The road to perfection
While the Canyon Ultimate is one heck of a good bike, it’s not perfect for me. There are a few tweaks that I think Canyon could make that would refine the bike’s performance and take it another step towards being the best bike for the money.
One thing that got on my nerves was an inconsistent rattle. I narrowed it down to one of the internally routed hoses. For total transparency, the rattle only happens when riding over brick cobbled roads, which induce high-frequency vibrations.
Canyon uses a clasp halfway along the downtube to hold the hose in place, but it’s not entirely effective. The hose can still rattle around in the bottom bracket and chain stay junction. I managed to silence this using some pipe insulation, which cost less than 50 cents.
There are plenty of professional solutions for this common problem available that I would like to see Canyon implement. Jagwire, a company that specializes in brake and gear cables, makes a simple foam-based liner that you slide over the outside of cable housing to soften the interface between cable and the inside of the frame. For the sake of a few quid, Canyon could add this to every bike it makes, and make them even more refined. The rest of the time the bike is silent, there have been no unnerving creaks under 1,200 watt sprints or up sharp hill sprints.
My only other criticism is of the handlebars — which can be replaced if it’s a big issue for you. I love the shape of the tops, and I love that Canyon specs its bikes with relatively narrow bars. Narrower means more aerodynamic which means faster.
But my issue is with the drops; the curve from the tops to the drops feels a bit too steep. With this, I found my wrists were angled a little more harshly than I’m used to. I prefer a handlebar drop that’s a little shallower.
That said, I’ve got used to the handlebars, and their deep drop is great for sprinting on. So it’s a bit of a non-issue in the grand scheme of things, but one to note if you’re thinking about buying a Canyon with its integrated handlebars.
I have a few concerns when it comes to expensive racing bikes. Generally speaking, I worry that pricey bikes sacrifice practicality and how easy they are to live with in pursuit of microscopic gains in lightness and speed — most of which the average consumer would never notice or take advantage of.
Imagine having a tire that’s super fast and super light. It’ll probably end up puncturing far more frequently than a more robust tire that weighs just a handful of grams more. Last time I checked, when you’re stood at the side of the road fixing a puncture, you’re not going that fast. In my mind, a bike that’s in the real world is a clever blend of practicality and performance, not a machine that’s designed for out-and-out speed.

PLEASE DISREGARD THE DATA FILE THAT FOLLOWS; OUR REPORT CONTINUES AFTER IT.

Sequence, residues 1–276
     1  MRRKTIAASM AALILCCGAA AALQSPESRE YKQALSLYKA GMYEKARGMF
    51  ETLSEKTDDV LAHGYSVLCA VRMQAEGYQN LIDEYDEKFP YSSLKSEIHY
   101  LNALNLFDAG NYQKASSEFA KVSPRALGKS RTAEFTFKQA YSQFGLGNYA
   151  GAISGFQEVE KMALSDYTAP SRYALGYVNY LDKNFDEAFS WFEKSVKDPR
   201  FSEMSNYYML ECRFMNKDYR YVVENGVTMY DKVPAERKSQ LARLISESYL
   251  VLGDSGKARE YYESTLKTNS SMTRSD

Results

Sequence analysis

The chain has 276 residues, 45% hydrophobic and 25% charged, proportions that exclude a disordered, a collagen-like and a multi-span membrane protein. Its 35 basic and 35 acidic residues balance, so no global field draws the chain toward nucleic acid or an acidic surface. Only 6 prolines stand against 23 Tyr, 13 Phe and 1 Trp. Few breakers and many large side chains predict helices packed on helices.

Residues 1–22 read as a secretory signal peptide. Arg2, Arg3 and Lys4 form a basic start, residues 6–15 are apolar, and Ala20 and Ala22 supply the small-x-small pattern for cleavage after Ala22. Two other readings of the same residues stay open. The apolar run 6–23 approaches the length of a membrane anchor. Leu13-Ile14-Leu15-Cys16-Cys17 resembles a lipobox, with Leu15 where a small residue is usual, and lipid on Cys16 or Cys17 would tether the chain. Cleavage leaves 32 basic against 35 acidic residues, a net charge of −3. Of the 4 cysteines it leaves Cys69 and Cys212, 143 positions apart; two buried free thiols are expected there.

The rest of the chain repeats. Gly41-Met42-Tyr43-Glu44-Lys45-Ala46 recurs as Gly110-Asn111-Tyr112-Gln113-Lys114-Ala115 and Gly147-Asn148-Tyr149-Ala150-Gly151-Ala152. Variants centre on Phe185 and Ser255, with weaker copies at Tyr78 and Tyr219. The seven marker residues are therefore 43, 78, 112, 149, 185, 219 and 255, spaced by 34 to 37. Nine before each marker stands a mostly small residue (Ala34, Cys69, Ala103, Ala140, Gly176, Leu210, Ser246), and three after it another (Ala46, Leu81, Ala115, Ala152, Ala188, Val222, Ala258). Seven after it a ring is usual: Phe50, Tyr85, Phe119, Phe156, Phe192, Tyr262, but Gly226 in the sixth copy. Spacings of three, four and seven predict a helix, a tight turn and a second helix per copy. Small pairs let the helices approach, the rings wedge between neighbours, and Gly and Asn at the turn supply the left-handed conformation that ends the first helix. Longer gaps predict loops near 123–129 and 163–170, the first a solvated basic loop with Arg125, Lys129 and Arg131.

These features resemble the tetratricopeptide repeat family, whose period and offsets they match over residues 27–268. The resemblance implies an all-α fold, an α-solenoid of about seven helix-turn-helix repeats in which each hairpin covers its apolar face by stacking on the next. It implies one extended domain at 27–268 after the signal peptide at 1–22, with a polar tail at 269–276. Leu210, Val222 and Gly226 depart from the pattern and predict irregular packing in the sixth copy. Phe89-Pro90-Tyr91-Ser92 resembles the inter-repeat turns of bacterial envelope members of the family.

This intelligent blend is something that I think Canyon nails with its all-round Ultimate CF SLX. But if speed is important to you, and you have your own mechanic or can afford so many bikes that having one out of action isn’t an issue, you should be buying the aerodynamic focused Canyon Aeroad.
That blend has had a pronounced effect on my enthusiasm for riding. It’s helped me ride further and faster than I’ve ever done before with no stress about maintaining the bike either.
What’s more, It’s also helped me take a handful of local Strava KOMs, which, whilst I don’t really care about KOMs, has been a delightful boost to confidence.
Over the course of a year, I typically ride somewhere between 3,000 and 4,000 miles on the road. At my current rate, by the end of this year I should have ridden over 5,500 miles, and I give most of the credit for that to the Canyon.
Like opening your bedroom windows after a hot stuffy night to welcome in a cooling and refreshing breeze, the Canyon has reinvigorated my love for cycling in the most positive way possible.
It does so without fuss or concern, and despite the fact it costs five times more than I’ve ever spent on a bike, I never felt inadequate or undeserving of the bike.
The best bit is Canyon’s range has a bike for pretty much every budget, and things like the bike’s geometry and well-thought-out design are consistent among much of its road bike range.
I’ve just boxed the bike up and sent it back to Canyon, and came over a little wistful and sad to see it go. We didn’t have much else to do here in the Netherlands during lockdown, so I ended up cycling — a lot. I’d say that opportunity to ride and having the Canyon has given me the best summer of cycling I’ve ever had. I’ve taken Strava KOMs, bested my own times, and done my first 200km ride.
The Ultimate CF SLX is a road racing, mile munching machine worthy of its name.